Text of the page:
At one stage during the Karpov-Kasparov World Championship Match (1984), Kasparov trailed 5-0 in the first-to-win-6 match. He then fought back to win three games and bring the score to 5–3 in Karpov's favour after 48 games, making it the longest world championship match ever. At that point, the match was ended without result by the then FIDE President, the late Florencio Campomanes, with Karpov thus retaining the title. Further details can be found in the match link at the head of this paragraph. Kasparov won the best-of-24 games Karpov-Kasparov World Championship Match (1985) in Moscow by 13–11, winning the 24th and last game with Black. He was then 22, the youngest ever World Champion, and broke the record held by Mikhail Tal for over 20 years. Karpov exercised his right to a rematch, the Karpov-Kasparov World Championship Rematch (1986), which took place in 1986, hosted jointly in London and Leningrad, with each city hosting 12 games. Kasparov scored of 12˝–11˝, retaining the title. The fourth match, the Kasparov-Karpov World Championship Match (1987) in Seville. Karpov had been directly seeded into and won the final match of the Candidates' Matches to again become the official challenger. Kasparov retained his title by winning the final game and drawing the match 12–12. The fifth and last championship match between the two, Kasparov-Karpov World Championship Match (1990), was held in New York and Lyon in 1990, with each city hosting 12 games. Kasparov won by 12˝–11˝. In their five world championship matches, the combined game tally was +21 -19 =104 in Kasparov’s favour.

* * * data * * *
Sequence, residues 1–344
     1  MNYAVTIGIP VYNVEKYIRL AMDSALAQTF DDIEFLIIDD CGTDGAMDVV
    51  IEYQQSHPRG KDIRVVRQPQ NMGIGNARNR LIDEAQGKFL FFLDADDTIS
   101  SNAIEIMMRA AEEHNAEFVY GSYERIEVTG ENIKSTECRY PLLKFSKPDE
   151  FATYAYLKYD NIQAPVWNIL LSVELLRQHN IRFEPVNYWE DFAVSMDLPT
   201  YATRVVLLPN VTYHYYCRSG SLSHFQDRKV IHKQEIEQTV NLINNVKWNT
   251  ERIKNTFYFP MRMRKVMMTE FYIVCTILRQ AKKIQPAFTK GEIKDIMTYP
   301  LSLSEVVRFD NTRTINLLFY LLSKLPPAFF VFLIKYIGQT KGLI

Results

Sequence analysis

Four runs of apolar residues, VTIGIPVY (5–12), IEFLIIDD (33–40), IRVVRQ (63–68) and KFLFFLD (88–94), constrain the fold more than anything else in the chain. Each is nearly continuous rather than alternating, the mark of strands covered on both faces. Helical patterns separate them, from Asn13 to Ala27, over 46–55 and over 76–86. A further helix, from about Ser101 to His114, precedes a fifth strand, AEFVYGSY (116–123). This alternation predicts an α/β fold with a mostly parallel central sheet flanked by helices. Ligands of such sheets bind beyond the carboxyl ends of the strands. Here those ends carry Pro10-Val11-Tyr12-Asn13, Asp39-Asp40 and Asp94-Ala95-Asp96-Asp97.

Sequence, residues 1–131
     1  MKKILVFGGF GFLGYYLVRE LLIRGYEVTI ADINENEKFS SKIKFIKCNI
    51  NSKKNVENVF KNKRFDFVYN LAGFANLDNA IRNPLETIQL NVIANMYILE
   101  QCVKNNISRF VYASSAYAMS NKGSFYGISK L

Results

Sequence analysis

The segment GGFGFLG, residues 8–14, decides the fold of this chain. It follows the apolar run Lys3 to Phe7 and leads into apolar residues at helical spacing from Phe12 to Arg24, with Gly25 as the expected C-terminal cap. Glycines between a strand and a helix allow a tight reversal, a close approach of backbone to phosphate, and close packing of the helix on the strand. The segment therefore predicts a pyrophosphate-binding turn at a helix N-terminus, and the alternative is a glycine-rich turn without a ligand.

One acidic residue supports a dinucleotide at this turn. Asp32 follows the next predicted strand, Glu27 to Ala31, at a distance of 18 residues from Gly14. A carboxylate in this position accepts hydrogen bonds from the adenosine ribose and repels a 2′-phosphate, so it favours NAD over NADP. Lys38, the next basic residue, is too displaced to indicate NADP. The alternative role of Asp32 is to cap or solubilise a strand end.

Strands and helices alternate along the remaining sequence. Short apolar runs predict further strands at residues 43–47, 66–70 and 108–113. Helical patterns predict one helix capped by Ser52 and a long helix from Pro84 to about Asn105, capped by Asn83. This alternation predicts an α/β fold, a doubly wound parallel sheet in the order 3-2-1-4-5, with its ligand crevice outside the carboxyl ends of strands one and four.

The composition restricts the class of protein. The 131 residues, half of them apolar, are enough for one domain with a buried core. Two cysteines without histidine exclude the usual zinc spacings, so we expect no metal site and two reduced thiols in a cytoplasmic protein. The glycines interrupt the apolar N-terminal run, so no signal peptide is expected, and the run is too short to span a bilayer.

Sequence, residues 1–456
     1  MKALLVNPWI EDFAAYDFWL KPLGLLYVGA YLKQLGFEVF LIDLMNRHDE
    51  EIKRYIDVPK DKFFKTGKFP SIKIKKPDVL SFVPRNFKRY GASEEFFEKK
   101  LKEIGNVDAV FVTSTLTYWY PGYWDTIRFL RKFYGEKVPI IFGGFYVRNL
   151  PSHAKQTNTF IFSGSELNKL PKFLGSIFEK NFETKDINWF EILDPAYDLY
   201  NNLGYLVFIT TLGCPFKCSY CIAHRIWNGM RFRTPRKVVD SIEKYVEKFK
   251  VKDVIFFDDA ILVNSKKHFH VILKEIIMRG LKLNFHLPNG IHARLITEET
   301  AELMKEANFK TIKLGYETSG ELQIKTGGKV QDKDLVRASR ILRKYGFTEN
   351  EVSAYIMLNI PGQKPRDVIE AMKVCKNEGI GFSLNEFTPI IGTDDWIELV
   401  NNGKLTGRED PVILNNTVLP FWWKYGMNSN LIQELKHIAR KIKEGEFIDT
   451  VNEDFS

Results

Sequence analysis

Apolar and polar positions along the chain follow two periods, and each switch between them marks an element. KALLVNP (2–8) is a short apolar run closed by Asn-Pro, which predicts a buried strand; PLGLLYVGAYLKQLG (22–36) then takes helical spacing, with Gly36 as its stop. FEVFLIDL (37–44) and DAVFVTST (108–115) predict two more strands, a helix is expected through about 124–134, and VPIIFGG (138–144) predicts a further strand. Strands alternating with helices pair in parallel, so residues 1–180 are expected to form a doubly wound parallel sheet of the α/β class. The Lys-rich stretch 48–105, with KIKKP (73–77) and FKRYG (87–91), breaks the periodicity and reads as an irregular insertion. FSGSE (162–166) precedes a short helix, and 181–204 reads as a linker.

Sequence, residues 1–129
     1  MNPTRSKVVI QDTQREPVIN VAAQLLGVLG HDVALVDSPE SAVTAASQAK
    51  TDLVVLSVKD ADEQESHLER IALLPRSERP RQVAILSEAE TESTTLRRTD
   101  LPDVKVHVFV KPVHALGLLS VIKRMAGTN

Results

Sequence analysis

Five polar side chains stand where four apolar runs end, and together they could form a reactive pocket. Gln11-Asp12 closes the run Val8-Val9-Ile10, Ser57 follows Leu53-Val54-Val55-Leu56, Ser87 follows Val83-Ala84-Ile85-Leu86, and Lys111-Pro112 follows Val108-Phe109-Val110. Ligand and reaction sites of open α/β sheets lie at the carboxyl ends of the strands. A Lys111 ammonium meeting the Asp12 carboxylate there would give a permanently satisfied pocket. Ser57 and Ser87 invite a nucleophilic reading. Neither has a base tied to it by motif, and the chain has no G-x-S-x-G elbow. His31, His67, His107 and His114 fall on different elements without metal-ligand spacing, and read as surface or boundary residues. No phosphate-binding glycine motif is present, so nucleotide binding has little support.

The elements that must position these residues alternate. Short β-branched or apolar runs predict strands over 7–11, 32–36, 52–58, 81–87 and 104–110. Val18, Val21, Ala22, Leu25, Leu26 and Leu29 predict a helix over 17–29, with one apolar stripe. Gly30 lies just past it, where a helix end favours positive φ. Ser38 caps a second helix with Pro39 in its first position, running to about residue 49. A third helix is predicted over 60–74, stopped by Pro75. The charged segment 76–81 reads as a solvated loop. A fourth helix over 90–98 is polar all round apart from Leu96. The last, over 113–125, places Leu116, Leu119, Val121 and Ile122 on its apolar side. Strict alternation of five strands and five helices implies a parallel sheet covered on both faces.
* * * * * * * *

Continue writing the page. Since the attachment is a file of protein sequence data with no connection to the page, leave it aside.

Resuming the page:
Kasparov subsequently defended his title against Nigel Short under the auspices of the PCA in 1993, and against Viswanathan Anand in 1995. Five years later, in 2000 (Kasparov-Kramnik World Championship Match (2000)), Kasparov finally relinquished his crown to his former student, Vladimir Kramnik who was granted the right to challenge without having to qualify, the first time this had happened since 1935, when Alexander Alekhine selected Max Euwe as his challenger. Subsequently, Kasparov remained the top rated player in the world, ahead of both Kramnik and the FIDE World Champions, on the strength of a series of wins in major tournaments.